Tuesday, December 30, 2008

Tuesday's Thoughts on the Daf - Bava Kamma 2

Today the daf yomi cycle began its study of Seder Nezikin (probably best translated as the tort laws). However, before getting into Bava Kamma, I would like to first say over a quick vort which I heard last night at a siyum on Seder Nashim.

During the siyum, R' Dovid Spiegel said a vort in the name of the Vilna Gaon on the word Siyum. The letters of this word are all letters whose extensions are equal to the principle number. Samech is spelled Samech (60) Mem, Cuf (40 +20). Yud is spelled Yud (10) Vuv, Daled (6+4). Vuv is spelled Vuv (6) Vuv(6) and Mem is spelled Mem (40) Mem (40). R' Spiegel related that the nigla (revealed) portion of the letters is equal to the nistar (hidden) portion of the letters.

R' Spiegel then said that when making our siyum, our spouses who have stood in the background and supported us in the learning efforts get credit for our learning as well. I certainly owe my wife for my 11+ years of Daf Yomi. Besides letting me learn out five nights a week, she also was there to remind me that I needed to the daily daf when I was coming home routinely after 11 PM earlier in the my legal career. To this I say, the reward is yours too.

But on to Bava Kamma. One interesting point which I wanted to discuss is a Rashi which explains the concept of Keren (horn), one of the Avos Nezikin. The gemara quotes a number of pesukim which support the concept that keren is one of the Avos Nezikin. The gemara asks on 2b, why do we even need pesukim - isn't it obvious that an ox which gores is a category of Nezikin? The gemara answers that the pesukim are there to teach that the difference in financial penalties for damage caused by an ox which is tam (1/2 nezek) or mu'ad (full nezek) is applicable, regardless of whether the ox gored with an attached or a detached horn.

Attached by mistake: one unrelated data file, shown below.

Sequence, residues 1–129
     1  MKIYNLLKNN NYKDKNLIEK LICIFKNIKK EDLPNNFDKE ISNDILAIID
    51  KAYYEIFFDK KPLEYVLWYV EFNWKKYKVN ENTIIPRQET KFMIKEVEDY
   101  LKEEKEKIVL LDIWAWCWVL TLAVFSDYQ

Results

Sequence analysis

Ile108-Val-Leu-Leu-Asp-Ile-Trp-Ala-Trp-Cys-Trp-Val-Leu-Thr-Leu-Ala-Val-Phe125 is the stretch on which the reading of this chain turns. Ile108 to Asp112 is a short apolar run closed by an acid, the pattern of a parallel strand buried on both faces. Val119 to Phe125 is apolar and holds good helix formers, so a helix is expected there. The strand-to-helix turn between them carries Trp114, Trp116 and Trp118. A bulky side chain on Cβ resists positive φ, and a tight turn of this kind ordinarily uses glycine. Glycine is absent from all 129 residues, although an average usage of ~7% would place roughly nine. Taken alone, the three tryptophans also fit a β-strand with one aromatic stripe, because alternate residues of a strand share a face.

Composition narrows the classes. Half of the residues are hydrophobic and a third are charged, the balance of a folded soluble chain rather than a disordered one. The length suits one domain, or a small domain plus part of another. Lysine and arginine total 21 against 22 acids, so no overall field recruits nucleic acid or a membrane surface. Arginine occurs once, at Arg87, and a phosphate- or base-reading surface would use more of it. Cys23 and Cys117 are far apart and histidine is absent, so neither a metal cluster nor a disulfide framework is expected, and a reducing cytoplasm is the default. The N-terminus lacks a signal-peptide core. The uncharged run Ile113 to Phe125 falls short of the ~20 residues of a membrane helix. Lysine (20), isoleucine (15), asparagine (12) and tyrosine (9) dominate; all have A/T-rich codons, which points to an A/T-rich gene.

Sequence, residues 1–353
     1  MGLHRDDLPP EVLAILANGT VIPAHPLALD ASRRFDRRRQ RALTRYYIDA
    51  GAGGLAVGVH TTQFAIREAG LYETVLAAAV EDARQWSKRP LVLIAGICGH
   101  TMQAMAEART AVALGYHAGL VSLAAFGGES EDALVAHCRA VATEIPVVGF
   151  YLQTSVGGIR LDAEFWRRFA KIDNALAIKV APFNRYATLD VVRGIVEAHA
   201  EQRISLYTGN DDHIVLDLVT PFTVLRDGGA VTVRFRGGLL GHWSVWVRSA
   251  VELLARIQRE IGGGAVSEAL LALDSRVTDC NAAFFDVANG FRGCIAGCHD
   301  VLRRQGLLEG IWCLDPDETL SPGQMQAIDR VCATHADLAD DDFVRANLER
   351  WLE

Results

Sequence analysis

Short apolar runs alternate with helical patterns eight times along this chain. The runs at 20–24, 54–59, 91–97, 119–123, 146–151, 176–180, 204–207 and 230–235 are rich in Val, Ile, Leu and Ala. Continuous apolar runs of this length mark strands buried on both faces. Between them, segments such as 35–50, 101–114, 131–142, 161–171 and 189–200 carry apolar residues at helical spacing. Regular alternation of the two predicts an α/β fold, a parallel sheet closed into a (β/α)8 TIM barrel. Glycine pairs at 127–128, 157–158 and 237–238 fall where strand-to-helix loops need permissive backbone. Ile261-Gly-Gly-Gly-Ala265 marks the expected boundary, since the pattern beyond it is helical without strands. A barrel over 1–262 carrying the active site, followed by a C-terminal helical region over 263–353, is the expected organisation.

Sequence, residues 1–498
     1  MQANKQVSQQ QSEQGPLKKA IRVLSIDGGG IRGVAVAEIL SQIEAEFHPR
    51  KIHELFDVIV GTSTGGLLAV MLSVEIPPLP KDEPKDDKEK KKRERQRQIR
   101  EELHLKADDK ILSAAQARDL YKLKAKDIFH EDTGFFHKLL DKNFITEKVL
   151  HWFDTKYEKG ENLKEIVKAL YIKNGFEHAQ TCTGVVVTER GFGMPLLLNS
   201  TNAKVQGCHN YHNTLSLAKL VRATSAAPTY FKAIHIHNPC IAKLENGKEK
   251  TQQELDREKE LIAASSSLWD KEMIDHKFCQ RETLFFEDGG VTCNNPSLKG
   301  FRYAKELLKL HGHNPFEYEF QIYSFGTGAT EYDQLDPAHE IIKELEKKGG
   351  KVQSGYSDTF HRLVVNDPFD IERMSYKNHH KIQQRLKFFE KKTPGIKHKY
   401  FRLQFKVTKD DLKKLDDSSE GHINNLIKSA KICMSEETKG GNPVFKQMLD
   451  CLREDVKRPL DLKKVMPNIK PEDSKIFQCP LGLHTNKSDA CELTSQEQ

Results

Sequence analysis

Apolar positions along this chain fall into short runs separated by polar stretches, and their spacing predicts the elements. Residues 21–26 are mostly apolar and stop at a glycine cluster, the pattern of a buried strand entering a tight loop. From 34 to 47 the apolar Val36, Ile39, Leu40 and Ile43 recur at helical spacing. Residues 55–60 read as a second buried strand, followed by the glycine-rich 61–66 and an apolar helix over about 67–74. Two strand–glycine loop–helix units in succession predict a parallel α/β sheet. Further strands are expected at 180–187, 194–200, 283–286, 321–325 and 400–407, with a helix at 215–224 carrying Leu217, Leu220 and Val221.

But how does an ox gore with a detached horn? Rashi (d'h Ella) explains that the case of detached horn involves an ox which picks up the detached horn in its teeth and uses that horn to gore. I might have thought that only in such a situation would there be a difference between tam and mu'ad (but not where an ox gores with its attached horns). Therefore the gemara uses the pesukim to teach that the varying degrees of penalty apply in both scenarios.

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